Let's face it ... college, and life, can be stressful.
The good news is that there’s a LOT you can do to help keep your stress in check so you can function at your best and thrive – not just survive – at Cornell.
And remember, if you ever find yourself needing support, help is available.
1. Prioritize self-care
Maintain and build on your natural resilience by prioritizing self-care: nourish yourself with healthy food, get good sleep, move your body, and do something you enjoy every day. Resilience helps us bounce back from adversity, challenge, and setbacks. Learn more on our Building Resilience page.
2. Stick to a time management strategy
If you need help figuring out what works best for you, meet with the staff at the Learning Strategies Center. This excellent resource can help you become more organized and efficient.
3. Make time for sleep
When we’re busy, it can be tempting to skimp on sleep. But a lack of sleep can increase anxiety, irritability, inability to concentrate, and depression. Getting 7-9 hours of sleep each night is one of the most important things you can do to protect your mental health and improve your academic performance. Learn about ways to improve your “sleep hygiene” on our Sleep page.
4. Refuse to play the stress game
Sometimes we wear our busyness like a badge of honor, and compete with each other about who’s more stressed. Remember that stress diminishes your performance level and ability to cope with the regular ups and downs of life. For more, check out our Stress Management page.
5. Get some exercise
Exercise directly affects the brain, and is a great way to relieve stress and improve mental health. In the short-term, exercise can improve our mood by stimulating the body’s feel-good hormones. Recent research shows that regular exercise can be highly effective at reducing depression, anxiety, and other mental health conditions. Check out opportunities through Cornell Recreational Services.
6. Connect with others
Cultivating social connections – and avoiding social isolation – is one of the best ways to build resilience and thrive at Cornell. Positive peer relationships and supportive interaction with family, faculty, and staff are known to be important factors in students’ academic performance and emotional well-being. To get started, check out Cornell's diverse student groups.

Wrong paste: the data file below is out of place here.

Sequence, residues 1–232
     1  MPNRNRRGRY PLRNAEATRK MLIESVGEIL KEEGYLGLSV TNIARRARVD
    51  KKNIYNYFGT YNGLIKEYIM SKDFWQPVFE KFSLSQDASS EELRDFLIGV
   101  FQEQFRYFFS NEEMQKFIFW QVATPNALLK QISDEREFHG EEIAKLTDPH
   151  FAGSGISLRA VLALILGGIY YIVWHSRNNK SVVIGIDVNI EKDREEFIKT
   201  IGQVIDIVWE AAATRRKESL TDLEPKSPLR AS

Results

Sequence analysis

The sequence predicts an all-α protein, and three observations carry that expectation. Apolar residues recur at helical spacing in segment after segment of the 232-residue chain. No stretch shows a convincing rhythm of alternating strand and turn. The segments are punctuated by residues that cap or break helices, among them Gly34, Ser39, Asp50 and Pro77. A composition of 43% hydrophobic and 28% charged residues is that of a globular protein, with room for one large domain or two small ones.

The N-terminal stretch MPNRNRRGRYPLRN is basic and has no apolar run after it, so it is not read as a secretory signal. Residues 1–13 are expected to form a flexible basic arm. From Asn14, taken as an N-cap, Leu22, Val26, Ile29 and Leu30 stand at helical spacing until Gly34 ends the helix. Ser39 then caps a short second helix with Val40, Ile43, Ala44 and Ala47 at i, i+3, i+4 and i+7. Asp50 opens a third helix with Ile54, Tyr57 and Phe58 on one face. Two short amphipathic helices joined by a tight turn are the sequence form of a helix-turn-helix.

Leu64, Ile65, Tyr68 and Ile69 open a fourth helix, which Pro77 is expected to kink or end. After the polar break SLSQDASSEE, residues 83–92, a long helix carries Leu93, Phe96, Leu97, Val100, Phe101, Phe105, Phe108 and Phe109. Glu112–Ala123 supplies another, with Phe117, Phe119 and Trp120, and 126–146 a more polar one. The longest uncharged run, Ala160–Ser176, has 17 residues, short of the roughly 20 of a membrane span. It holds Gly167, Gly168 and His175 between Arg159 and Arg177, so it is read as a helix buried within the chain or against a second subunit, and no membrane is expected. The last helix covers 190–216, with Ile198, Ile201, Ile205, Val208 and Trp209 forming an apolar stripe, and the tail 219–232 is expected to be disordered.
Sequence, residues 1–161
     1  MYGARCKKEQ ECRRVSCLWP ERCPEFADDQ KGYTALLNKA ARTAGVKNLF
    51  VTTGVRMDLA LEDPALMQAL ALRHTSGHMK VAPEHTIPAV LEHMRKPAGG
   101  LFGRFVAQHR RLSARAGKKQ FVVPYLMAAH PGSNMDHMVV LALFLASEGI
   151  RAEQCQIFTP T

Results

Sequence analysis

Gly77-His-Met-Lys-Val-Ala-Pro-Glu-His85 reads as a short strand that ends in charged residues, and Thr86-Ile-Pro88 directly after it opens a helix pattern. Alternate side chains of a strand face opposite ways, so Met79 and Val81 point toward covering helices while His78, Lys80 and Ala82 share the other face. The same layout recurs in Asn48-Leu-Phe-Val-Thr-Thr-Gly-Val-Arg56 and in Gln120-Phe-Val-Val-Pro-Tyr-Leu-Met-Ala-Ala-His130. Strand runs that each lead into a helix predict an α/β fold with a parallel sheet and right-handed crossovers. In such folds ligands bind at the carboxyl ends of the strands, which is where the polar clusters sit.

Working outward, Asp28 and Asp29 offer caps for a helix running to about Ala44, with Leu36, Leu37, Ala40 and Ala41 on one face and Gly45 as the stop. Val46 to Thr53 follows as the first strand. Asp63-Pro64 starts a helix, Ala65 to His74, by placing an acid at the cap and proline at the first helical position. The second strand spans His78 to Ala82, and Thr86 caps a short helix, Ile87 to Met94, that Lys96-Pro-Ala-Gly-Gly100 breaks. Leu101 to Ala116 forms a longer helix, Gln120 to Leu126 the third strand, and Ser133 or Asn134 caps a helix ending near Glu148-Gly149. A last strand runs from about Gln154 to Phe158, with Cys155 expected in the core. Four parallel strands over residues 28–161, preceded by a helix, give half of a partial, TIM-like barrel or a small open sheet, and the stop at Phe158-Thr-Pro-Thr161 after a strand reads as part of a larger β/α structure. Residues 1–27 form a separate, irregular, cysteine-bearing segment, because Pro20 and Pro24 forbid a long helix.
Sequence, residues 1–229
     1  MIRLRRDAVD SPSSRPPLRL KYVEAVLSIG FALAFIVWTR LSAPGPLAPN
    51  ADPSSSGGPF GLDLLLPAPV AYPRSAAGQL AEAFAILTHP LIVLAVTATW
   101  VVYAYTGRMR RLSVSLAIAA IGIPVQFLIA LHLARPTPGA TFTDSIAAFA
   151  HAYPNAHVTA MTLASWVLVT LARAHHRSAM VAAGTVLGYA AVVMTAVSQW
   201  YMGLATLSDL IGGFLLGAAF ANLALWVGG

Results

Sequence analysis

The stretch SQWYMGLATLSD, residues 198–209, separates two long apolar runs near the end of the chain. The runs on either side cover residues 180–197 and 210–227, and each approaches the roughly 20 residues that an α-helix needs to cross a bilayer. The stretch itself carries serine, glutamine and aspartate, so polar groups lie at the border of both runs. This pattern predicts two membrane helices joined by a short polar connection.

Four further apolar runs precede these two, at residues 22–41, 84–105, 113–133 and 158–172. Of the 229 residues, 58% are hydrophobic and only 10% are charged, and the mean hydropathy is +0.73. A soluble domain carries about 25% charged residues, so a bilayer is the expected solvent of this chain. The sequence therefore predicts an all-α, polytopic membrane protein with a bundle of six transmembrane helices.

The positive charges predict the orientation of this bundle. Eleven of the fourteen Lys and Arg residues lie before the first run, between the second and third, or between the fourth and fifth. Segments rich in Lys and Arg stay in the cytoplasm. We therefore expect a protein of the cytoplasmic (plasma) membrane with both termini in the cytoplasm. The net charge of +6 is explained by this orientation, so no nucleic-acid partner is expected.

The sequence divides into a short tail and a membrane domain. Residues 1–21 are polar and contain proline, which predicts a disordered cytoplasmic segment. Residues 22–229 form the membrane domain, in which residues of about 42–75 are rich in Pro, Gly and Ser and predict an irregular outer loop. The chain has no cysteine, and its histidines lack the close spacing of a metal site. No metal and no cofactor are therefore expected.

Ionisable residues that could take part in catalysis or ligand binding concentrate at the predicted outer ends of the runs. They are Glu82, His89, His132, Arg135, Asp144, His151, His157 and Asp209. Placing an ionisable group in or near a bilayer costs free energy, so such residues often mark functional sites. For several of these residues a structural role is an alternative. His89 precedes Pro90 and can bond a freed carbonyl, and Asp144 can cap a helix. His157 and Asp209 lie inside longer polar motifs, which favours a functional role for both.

7. Learn to meditate
Meditation has numerous proven mental health benefits, including relaxation, stress management, and improved sense of well-being. You can learn to meditate through Cornell's free Let's Meditate program. Other resources for guided meditation practice can be found on our Meditation page.
8. Get out in nature
Research shows that spending time in nature can have real, tangible benefits for your health and well-being, including reducing stress, boosting your mood, and improving cognitive functioning. Find ways to explore nature right on campus at Nature RX @Cornell.
9. Find meaning
Recent studies show that cultivating a sense of meaning in your life can contribute more to positive mental health than pursuing happiness. Finding one’s own definition of “meaning” is very personal, but two great places to start are 1) to notice what you appreciate and express gratitude; and 2) share a talent or strength. The Cornell Public Service Center and Cornell United Religious Work are two campus resources that can help you explore and find what is most meaningful to you.
If you’re struggling – or just feel like you could benefit from talking to someone – support is available. Here are some places to start:
- Call us 24/7 (607-255-5155) to speak with a licensed therapist from ProtoCall, our on-call support team of mental health professionals.
- Drop in to an online "Let's Talk" session to speak informally with a Cornell Health counselor. It's free, confidential, and available daily Monday–Friday.
- Check out our weekly CAPS-led workshops on topics like managing anxiety, perfectionism, and self-compassion.
- Explore our group counseling and individual counseling options.
- Those living in university housing can connect with your residential staff for support.
- Speak with your academic advisors or professors if you need extra help, or anticipate difficulty meeting deadlines.
- 24/7 support is also available through these local and national hotlines and text lines, with options especially for students of color and LGBTQ students.
More resources for emotional, academic, and social support are available on the Mental Health at Cornell website.